Anger is a normal human emotion that most people experience every now and then. However, if you find yourself feeling angry very often or very intensely, it may start to become a problem. Anger can have a negative effect on work, family, relationships and general interactions in public.
Anger management therapy can help anyone who experiences rage or has angry outbursts.
Anger management therapy can help improve your:
- Mental health: Anger can consume your focus, cloud your judgment, and deplete your energy. It can also lead to other mental health conditions such as depression and substance abuse.
- Physical health: Anger manifests physically in the body with a surge of adrenaline, a rapid rise in heartbeat, higher blood pressure, and increased muscle tension in the form of a clenched jaw or fisted hands. Over time, this can take a toll on your health and lead to physical health problems.
- Career: Anger can make it hard for you to focus on school or work and affect your performance. It can also harm your relationships with your peers. While creative differences, constructive criticism, and healthy debates can be productive, lashing out or having angry outbursts can alienate your peers.
- Relationships: Anger often harms loved ones the most and can take a toll on your relationships with them. It can make it difficult for them to be comfortable around you, erode their trust and respect, and be especially damaging to children.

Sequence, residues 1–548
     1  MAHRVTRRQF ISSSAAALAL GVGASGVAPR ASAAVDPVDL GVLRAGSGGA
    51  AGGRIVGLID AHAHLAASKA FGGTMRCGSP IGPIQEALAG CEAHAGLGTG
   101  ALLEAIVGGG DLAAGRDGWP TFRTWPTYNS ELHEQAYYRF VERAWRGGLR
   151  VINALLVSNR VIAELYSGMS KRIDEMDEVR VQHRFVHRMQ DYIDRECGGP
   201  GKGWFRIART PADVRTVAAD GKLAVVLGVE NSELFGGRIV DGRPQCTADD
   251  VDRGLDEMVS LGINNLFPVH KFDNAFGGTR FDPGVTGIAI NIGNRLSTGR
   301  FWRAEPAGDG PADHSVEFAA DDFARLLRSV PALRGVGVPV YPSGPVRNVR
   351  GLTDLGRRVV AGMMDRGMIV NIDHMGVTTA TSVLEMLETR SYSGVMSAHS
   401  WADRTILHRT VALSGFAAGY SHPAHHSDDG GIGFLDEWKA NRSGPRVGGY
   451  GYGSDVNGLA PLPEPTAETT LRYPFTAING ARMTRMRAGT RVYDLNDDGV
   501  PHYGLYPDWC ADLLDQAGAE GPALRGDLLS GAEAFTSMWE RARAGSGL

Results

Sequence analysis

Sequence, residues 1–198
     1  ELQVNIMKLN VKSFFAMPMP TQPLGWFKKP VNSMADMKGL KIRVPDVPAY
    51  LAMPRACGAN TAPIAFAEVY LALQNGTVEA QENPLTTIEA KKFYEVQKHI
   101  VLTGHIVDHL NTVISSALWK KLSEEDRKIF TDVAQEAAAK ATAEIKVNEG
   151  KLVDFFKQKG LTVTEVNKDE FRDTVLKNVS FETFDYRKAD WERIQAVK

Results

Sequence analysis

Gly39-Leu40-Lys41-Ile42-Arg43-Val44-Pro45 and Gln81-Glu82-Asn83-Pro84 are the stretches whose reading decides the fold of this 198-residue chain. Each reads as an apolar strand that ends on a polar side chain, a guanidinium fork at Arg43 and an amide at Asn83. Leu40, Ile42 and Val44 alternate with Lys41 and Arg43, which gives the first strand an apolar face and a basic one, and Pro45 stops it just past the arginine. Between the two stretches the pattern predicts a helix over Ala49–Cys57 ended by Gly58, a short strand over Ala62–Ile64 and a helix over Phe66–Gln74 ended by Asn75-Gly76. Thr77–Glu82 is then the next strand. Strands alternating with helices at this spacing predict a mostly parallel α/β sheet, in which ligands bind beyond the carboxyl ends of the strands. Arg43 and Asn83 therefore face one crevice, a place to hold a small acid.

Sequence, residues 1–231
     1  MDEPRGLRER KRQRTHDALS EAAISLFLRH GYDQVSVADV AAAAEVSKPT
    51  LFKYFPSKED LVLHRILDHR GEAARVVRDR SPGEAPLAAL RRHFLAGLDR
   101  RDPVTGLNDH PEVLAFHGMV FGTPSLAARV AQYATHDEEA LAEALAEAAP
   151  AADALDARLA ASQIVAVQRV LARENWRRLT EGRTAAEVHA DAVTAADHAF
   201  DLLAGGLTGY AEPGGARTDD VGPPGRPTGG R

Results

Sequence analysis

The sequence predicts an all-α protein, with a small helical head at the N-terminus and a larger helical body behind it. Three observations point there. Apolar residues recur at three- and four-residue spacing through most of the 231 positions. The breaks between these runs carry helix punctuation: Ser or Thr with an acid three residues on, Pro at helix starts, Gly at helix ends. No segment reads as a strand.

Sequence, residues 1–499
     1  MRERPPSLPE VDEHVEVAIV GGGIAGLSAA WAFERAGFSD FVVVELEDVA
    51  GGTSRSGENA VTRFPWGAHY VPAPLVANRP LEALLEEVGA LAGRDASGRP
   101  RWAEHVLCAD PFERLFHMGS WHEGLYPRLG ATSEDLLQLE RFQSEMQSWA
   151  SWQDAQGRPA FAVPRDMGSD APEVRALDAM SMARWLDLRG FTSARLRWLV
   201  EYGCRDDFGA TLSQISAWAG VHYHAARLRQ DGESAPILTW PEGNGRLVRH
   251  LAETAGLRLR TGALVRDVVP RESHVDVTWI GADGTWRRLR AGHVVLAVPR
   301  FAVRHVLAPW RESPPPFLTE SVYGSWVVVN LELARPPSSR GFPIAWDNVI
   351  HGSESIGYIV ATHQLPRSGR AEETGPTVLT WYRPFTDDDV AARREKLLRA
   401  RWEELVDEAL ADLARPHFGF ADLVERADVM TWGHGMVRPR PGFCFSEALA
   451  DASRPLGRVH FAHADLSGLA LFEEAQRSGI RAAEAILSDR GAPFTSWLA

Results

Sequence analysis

Why Work With Me?
In my 13 years as a Registered Psychotherapist I have grown by engaging in continuing education, meeting regularly with peers to share best practices, developing a broader toolbox of appropriate clinical interventions, and limiting my caseload so that I can be present and focused for each client and each session.
My service to clients is based on the principles of both strengths-based therapy and client-focused therapy. Using both of these techniques allows me to be present and focused on client strengths and client needs.
I do my best to schedule clients as soon as possible in my very busy practice. Often a cancellation by another client will open up an earlier session for you. There are no fixed number of psychotherapy sessions for each client - it will be a discussion between client and therapist about how many sessions the client would like to have.